Conference Report: Third Conference of the Arab Council for the Social Sciences

This is a conference report that I wrote for the website of The Humanities Centre for Advanced Studies “Multiple Secularities – Beyond the West, Beyond Modernities” at the University of Leipzig, where I currently work. Here is the link for the original post.

Between 10 and 12 March 2017, the Third Conference of the Arab Council for the Social Sciences (ACSS) took place in Beirut, Lebanon under the title: State, Sovereignty and Social Space in the Arab Region: Emerging Historical and Theoretical Approaches. The ACSS was established in 2008 to promote social scientific research and knowledge production in the Arab world, enhance the role of social science in Arab public life, and inform public policy in the region. The conference took place at the Crowne Plaza Hotel and consisted of 38 panels in addition to four roundtable discussions, a keynote, and a number of presentations. Lectures and discussions were conducted in three languages (Arabic, English, and French) with simultaneous interpretation available for every session. The papers presented by around 200 active participants covered a wide variety of themes in political science, anthropology, and sociology.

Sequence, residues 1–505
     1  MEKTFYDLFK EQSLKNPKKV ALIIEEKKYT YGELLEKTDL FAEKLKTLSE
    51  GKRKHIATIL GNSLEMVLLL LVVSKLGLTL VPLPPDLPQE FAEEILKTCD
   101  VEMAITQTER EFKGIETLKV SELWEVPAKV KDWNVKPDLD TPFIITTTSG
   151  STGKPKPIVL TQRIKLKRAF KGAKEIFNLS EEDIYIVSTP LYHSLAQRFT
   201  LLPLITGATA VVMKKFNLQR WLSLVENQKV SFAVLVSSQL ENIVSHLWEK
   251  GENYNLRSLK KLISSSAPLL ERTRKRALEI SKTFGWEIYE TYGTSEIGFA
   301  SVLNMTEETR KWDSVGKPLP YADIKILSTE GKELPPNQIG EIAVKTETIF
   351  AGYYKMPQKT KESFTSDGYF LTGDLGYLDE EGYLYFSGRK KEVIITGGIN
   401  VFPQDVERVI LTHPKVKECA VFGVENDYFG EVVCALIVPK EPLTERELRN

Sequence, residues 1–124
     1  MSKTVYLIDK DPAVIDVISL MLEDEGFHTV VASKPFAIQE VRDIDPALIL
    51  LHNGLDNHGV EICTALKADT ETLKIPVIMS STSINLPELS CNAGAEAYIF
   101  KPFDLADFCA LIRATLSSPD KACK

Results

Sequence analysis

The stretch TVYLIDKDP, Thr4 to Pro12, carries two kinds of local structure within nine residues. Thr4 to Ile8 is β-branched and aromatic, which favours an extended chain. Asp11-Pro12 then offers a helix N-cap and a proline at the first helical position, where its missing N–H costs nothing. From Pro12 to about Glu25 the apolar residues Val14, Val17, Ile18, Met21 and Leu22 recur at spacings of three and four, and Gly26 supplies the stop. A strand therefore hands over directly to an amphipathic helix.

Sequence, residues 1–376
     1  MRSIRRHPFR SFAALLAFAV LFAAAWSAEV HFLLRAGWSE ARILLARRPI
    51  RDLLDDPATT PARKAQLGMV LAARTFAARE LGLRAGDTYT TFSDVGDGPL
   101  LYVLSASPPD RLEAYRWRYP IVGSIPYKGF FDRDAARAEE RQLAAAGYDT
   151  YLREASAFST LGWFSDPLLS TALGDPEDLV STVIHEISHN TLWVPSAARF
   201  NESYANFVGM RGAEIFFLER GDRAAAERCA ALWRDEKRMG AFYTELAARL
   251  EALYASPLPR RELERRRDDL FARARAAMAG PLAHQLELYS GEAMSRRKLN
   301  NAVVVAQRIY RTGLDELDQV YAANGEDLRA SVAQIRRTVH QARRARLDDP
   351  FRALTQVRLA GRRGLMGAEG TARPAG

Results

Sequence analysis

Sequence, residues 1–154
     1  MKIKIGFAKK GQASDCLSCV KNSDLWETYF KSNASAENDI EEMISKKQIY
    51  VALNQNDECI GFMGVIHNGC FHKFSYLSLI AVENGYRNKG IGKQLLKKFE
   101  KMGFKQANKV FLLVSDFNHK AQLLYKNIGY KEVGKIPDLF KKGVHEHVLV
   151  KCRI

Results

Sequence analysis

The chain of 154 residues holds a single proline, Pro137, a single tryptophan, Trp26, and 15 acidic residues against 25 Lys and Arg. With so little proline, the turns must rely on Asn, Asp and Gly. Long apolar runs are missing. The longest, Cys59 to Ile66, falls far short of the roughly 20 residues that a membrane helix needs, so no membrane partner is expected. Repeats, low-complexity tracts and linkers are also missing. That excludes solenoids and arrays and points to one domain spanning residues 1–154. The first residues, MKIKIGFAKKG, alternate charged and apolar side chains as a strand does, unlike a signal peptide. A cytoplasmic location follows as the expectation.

The volatile conditions in many Arab countries—ranging from terrorism, through civil strife, to authoritarian repression (including the curtailment of academic freedoms*)—cast their shadow over discussions in the conference. There was an aura of pessimism but at the same time a sense of urgency for social scientists in the Arab region to employ their knowledge to observe and contribute positively to social change in their countries. While the conference was not concerned with religion per se, there have been some papers and sessions that dealt with religion from various perspectives. In a roundtable discussion chaired by Professor Aziz al-Azmeh from the Central European University (CEU) in Budapest, a new research project under the title “Striking from the Margins: Religion, State and Disintegration in the Middle East” was introduced. The project, which is hosted by the Center for Religious Studies at the CEU, aims at developing a new analytical framework to study the processes whereby forces that used to be marginal have been moving to the center of power in some Arab countries, especially Syria and Iraq. It examines, in particular, how certain religious movements are contributing to the explosion of violence as well as social and political disintegration by imposing a puritanical form of religion, not as a social sphere that is distinct from or embedded in society, but as an alternative to society itself. The second speaker in this session, Harith al-Qarawee, presented his research project, in which he investigates how neo-patrimonialism, among other factors, weakened the Iraqi post-colonial state and contributed to its withdrawal (institutionally and ideologically) from society, which allowed for Islamist movements (both Shi’i and Sunni) to move from the margins to fill the void. Harout Akdedian, on his part, is examining how the expansion of religious charities under Bashar al-Assad played a significant role in the rise of armed Islamist opposition after the eruption of the civil war in Syria.